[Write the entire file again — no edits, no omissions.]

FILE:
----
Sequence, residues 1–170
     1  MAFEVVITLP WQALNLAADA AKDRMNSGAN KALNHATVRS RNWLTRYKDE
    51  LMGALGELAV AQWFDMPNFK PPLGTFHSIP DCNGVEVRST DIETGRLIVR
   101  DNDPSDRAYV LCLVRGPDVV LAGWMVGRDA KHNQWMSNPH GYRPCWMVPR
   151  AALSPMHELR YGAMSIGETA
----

Sequence, residues 1–170
     1  MAFEVVITLP WQALNLAADA AKDRMNSGAN KALNHATVRS RNWLTRYKDE
    51  LMGALGELAV AQWFDMPNFK PPLGTFHSIP DCNGVEVRST DIETGRLIVR
   101  DNDPSDRAYV LCLVRGPDVV LAGWMVGRDA KHNQWMSNPH GYRPCWMVPR
   151  AALSPMHELR YGAMSIGETA